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Reagan's Leadership

Essay by   •  January 31, 2012  •  Essay  •  577 Words (3 Pages)  •  1,486 Views

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Ronald Reagan possessed a leadership quality that set him apart from a great many other leaders of this or any other time. The concept of leadership is easy to define, but it is not as easy to execute; Reagan was not only able to characteristically recognize the inherent demands of the job as President of the United States, but he also rose to the challenge. Although Reagan's leadership skills showed great promise through his public persuasion by capturing Americans and economic management by decreasing inflation, but he failed at international relation because of Iran-Contra and the dispute in the Caribbean.

Reagan possessed the quality of being a gifted public speaker. The skills he learned from being an actor later helped him in being a persuasive speaker. Reagan had a gift of conveying complex ideas in short, friendly sound bits that stirred the American soul. In the Ronald Reagan Presidential Library, lie thousands of documents proving how devoted a politician Reagan was. For decades Reagan drafted his own speeches, even with the crushing workload of being president (Troy 8-9).

When Reagan took office in 1980, the country was in a major inflation. Interest rates were near 20 percent and the value of a dollar was dropping. Reagan blamed this inflation on federal spending and taxation. Reagan made federal spending his number one priority, and by doing this inflation had dramatically in his presidency (Economic Data). Reagan appeared before a joint congress session to cut budgets by $41 billion; Reagan had achieved the greatest reduction in government spending, and was also successful in cutting income taxes (Divine 916). Reagan's next economic agenda was dealing with the increasing of Social Security benefits. March 1983, Congress approved of changes that would guarantee solvency: gradually raising retirement age, delaying cost-of-living increases, and taxing pensions paid to the well-to-do elderly (Divine 917).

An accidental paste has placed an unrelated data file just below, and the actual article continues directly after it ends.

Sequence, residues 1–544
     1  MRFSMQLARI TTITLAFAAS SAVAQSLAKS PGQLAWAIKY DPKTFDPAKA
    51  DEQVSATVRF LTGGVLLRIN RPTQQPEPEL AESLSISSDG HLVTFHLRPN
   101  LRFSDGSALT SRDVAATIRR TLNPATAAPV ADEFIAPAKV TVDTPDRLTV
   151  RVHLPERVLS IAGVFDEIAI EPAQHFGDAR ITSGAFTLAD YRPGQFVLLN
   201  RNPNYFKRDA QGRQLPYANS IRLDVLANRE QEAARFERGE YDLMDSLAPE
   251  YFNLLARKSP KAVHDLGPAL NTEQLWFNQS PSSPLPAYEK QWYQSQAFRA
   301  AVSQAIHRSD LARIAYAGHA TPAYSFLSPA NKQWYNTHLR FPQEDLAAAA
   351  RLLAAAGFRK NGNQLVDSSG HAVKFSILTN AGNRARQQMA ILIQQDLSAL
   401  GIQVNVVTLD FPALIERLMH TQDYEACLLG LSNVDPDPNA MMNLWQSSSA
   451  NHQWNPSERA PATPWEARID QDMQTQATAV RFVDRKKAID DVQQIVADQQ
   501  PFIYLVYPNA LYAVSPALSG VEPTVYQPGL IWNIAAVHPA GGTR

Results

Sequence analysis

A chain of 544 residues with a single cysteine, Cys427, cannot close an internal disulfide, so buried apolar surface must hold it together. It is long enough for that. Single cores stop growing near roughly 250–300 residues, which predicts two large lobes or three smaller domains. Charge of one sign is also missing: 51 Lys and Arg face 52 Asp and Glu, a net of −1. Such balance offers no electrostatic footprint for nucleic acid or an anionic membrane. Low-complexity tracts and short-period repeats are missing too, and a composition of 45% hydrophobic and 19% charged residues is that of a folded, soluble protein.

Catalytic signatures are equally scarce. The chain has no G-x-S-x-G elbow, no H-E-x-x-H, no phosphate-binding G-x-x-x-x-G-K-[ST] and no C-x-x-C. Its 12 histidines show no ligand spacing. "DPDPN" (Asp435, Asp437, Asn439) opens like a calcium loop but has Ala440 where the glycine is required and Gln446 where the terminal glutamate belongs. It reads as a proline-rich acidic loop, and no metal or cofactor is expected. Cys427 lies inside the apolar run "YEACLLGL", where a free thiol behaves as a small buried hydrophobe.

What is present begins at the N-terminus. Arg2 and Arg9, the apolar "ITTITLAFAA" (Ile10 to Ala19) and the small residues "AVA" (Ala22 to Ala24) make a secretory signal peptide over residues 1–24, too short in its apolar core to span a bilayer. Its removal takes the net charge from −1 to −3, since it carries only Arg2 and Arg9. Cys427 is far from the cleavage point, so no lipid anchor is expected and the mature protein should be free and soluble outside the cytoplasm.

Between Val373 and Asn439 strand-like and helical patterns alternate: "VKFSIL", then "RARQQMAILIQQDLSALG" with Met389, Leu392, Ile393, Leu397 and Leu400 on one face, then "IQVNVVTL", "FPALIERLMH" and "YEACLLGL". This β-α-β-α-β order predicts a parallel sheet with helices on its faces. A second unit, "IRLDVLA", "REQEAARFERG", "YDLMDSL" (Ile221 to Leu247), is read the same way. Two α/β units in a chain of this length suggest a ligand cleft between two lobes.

The first day Reagan took office he scored his first foreign victory, the 53 hostages that were taken by the Iranian militants, had been released, but after that it all went downhill with foreign affairs. In October 1983, Reagan sent U.S. forces to invade the Caribbean island of Grenada. At the time Reagan's reason was that the lives of American citizens were in danger due to a recent coup (Zinn 588). In 1985, the national security advisor, Robert McFarlane, proposed to trade American missiles to Iran, for the release of six Americans held hostage by Lebanese groups. At this time Iran was still at war with Iraq, and in desperate need of weapons, was willing to comply. The arms deal with Iran became a bad policy. In 1984 Congress cut off any financial aid to Nicaragua for the training of Contras, called the Boland Amendment. Ever since 1984, Reagan had been looking for new ways for US to aid the Contras. The whole deal was illegal and unconstitutional. When the secret got out, the administration

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